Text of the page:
Thursday, January 31, 2013

Office rents set for recovery: CCT

New supply shrinking, demand expected to rise

The Business Times
January 31, 2013

SINGAPORE'S office rents are set to rebound from their first annual decline in three years as new supply shrinks and more businesses expand, according to the biggest office property trust in Asia outside of Japan.

Rents in the city are reaching a trough and demand may rise as the country positions itself as a regional business hub, said Lynette Leong, chief executive officer of CapitaCommercial Trust (CCT).

Supply for the next three years will be about 0.8 million square feet a year, down from 1.3 million sq ft over the past two decades, she said.

"Rents are poised for a recovery," Ms Leong said in Singapore on Jan 24. It's "a no-brainer that rents are not going to go down very much further so it's more when the rents will turn and to what extent", she said.

Ranked by the World Bank as the easiest place to do business for a seventh year, the country that's smaller than New York City is also emerging as Asia's wealth management centre, driving demand for banking services with an increase of millionaires.

Singapore office rents are the 19th-highest globally, according to CBRE Group Inc, and are cheaper than Hong Kong, Tokyo, Beijing and New Delhi.

CapitaCommercial estimates new demand accounted for 1.5 million sq ft to 1.8 million sq ft annually in the past three years, Ms Leong said, without giving a forecast for 2013.

Singapore's office rents fell 0.3 per cent in the fourth quarter, extending the decline in 2012 to 1.3 per cent, the government said on Jan 25. They climbed 8.4 per cent in 2011 and 13 per cent in the previous year, government data showed.

The country's millionaire households expanded 14 per cent in 2011, according to a Boston Consulting study. The proportion of millionaire homes in the city of 5.3 million people was 17 per cent, the highest in the world, followed by Qatar and Kuwait.

Additional office space in the past two years came mainly from the downtown Marina Bay area, with banks including Standard Chartered plc and Barclays plc taking bigger offices. Standard Chartered relocated from 11 buildings across the city to one tower in the new office area, while Barclays moved from six to two in the district.

Average gross rents of prime office space declined 11 per cent in 2012 and could fall 5 per cent to 10 per cent this year, Colliers International said in a Jan 25 report. Leasing rates climbed 14.6 per cent in 2011, the property brokerage said.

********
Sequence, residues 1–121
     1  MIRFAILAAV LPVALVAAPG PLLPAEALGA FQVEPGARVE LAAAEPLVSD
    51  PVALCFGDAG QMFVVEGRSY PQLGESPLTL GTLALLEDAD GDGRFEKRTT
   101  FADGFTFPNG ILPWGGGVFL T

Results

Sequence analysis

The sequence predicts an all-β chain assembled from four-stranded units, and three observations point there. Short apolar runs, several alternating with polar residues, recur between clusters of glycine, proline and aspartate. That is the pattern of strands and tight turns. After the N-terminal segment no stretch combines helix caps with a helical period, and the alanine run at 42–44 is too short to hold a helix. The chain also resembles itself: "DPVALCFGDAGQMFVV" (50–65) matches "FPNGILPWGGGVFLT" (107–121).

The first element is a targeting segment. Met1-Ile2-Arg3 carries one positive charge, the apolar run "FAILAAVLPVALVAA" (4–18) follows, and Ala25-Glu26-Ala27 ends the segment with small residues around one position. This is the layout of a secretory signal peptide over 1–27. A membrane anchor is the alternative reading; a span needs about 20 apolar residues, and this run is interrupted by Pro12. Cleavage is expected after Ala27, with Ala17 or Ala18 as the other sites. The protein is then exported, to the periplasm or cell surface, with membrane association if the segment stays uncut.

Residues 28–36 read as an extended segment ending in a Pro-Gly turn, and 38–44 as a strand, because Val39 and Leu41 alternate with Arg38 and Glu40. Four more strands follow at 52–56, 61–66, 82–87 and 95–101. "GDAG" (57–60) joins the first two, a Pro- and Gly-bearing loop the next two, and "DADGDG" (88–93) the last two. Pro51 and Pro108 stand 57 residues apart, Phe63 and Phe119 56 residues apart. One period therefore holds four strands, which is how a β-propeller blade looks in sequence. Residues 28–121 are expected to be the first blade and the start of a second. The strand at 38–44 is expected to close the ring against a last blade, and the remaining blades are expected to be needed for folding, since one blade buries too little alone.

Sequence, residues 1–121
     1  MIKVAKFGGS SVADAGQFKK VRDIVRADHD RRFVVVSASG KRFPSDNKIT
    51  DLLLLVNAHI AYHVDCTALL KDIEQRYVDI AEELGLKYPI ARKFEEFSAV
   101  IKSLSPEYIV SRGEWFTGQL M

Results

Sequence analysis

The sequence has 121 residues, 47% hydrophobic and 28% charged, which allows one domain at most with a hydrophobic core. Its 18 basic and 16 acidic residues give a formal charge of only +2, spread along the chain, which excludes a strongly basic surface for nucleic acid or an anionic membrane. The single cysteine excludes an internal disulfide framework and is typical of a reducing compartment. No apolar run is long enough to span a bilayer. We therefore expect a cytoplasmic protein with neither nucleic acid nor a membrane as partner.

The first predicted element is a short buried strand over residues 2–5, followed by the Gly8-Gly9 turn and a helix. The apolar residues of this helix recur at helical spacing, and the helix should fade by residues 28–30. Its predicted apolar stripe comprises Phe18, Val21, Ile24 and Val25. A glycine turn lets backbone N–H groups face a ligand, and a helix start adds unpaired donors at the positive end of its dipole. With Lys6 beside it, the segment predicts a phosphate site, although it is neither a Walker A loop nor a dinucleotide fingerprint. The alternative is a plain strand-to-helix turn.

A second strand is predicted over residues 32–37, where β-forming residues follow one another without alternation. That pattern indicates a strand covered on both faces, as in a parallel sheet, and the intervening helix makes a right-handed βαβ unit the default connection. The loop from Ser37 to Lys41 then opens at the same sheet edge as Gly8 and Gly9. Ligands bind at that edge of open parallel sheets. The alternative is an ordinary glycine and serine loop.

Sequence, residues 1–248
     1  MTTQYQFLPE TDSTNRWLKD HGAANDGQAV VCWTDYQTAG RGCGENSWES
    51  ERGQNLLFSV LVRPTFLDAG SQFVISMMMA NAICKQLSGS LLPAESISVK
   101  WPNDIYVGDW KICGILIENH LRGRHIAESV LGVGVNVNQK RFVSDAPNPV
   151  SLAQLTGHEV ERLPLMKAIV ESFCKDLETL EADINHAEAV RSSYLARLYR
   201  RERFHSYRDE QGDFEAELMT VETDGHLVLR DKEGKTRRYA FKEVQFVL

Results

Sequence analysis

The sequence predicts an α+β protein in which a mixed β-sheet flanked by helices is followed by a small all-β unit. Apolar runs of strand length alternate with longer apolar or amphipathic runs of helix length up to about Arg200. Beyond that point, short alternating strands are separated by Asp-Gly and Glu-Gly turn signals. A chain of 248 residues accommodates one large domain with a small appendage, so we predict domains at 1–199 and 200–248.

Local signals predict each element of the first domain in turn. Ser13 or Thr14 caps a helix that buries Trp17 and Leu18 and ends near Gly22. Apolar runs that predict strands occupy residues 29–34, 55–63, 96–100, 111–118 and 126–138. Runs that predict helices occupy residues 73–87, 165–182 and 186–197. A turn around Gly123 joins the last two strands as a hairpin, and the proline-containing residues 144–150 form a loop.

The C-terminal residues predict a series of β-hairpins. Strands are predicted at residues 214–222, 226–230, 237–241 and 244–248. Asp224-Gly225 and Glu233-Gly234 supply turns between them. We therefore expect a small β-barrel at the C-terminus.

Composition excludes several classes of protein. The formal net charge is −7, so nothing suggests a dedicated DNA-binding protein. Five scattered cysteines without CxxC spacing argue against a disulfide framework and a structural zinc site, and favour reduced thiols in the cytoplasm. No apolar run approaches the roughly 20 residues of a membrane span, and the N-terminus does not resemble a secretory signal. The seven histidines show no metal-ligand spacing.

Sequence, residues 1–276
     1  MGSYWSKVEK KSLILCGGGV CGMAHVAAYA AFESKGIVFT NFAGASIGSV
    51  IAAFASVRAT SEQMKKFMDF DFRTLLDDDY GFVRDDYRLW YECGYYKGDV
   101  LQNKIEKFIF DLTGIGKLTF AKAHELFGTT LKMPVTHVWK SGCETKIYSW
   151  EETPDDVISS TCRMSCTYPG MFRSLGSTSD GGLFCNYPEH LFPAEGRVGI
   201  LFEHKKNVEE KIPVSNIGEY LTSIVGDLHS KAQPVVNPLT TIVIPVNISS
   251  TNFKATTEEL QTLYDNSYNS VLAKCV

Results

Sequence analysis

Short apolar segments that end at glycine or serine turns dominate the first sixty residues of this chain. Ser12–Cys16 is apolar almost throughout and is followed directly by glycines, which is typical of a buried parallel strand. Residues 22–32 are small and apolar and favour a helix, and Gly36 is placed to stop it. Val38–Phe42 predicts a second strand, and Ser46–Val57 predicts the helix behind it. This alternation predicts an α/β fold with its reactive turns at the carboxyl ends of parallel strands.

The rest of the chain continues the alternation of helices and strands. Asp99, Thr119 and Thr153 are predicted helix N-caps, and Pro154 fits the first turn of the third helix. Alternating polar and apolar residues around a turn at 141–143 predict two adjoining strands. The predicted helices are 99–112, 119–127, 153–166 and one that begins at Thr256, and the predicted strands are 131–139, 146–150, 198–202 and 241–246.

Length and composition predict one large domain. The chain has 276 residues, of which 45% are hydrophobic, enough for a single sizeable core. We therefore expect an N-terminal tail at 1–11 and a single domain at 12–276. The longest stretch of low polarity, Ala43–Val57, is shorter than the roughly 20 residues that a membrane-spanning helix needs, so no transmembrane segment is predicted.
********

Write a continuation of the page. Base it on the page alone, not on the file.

New tenants took up 1.9 million sq ft of space last year, a 17 per cent drop from the five-year high of 2.3 million sq ft in 2011, Colliers said.

"It's still too early to pinpoint a time for a recovery," Chia Siew Chuin, director of research & advisory at Colliers, said yesterday. "Global economic headwinds are a concern and there is also a risk of secondary space that can be returned to the market should occupiers or tenants relocate to new buildings."

Singapore's economy expanded 1.2 per cent last year, less than a quarter of the pace in 2011. Growth is expected to range between one per cent and 3 per cent this year, based on official estimates.

The city also became the first in Asia to introduce curbs on industrial properties. The government on Jan 11 imposed as much as 15 per cent in stamp duties on sellers of warehouses and logistics buildings to curb speculation after prices doubled in the past three years and outpaced the increases in rents. – Bloomberg

Martin Koh | 86666 944 | R020968Z
Sherry Tang | 9844 4400 | R020241C
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DTZ Debenham Tie Leung (SEA) Pte Ltd (L3006301G)

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Coping with a rise in numbers: S'poreans' fears

Home prices, competition for jobs, overcrowding among top worries

The Straits Times
January 31, 2013

MANY Singaporeans reacted with surprise - or alarm - at the 6.9 million population projected for 2030, with several wondering whether the country can cope with the 30 per cent increase.

Although the swell is 17 years away, they are worried about several issues that they say they are already facing now.

These include competition for jobs, cost of living, home prices and congestion, according to street interviews by The Straits Times yesterday, one day after the Government released its Population White Paper.

Of the 100 people aged 15 to 73, exactly half rejected the idea of Singapore having 6.9 million people, while another 35 were unsure. Only 15 said it was a good idea.

To help boost the population, more foreigners will be let in and their numbers are expected to grow from 1.49 million - as of June last year - to around 2.3 million to 2.5 million by 2030, according to the White Paper.

This raised concerns about whether homes will be affordable.